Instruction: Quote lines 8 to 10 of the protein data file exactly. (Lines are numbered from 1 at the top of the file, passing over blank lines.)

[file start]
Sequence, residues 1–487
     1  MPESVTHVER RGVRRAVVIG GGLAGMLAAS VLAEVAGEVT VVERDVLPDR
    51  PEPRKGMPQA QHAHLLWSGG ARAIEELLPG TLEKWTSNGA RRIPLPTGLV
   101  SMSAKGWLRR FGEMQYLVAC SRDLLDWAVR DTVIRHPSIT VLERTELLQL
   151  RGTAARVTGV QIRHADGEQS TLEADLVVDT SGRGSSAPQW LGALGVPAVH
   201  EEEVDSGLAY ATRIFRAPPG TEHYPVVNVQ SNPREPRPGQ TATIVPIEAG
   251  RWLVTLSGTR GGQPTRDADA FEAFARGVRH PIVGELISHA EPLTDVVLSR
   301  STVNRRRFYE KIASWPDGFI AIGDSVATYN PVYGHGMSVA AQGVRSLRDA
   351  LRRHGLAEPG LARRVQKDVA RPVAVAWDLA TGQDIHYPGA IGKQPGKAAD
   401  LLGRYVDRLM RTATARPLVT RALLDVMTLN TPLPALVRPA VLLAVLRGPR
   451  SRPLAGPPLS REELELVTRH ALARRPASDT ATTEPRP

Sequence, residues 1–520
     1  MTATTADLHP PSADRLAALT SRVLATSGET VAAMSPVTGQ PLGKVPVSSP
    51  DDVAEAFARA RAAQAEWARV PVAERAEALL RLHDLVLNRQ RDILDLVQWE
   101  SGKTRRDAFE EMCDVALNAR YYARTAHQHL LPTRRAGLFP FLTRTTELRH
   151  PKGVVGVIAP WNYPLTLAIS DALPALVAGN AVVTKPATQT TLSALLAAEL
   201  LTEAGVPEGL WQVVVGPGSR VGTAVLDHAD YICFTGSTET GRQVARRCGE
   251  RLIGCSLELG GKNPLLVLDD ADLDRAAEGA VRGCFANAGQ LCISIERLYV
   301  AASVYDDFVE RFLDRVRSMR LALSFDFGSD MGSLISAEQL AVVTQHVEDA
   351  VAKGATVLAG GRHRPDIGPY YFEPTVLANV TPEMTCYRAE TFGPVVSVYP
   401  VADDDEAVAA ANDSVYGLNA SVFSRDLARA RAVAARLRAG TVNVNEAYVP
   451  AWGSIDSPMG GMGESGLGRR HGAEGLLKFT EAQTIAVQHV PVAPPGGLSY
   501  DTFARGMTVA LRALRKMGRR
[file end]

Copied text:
   301  STVNRRRFYE KIASWPDGFI AIGDSVATYN PVYGHGMSVA AQGVRSLRDA
   351  LRRHGLAEPG LARRVQKDVA RPVAVAWDLA TGQDIHYPGA IGKQPGKAAD
   401  LLGRYVDRLM RTATARPLVT RALLDVMTLN TPLPALVRPA VLLAVLRGPR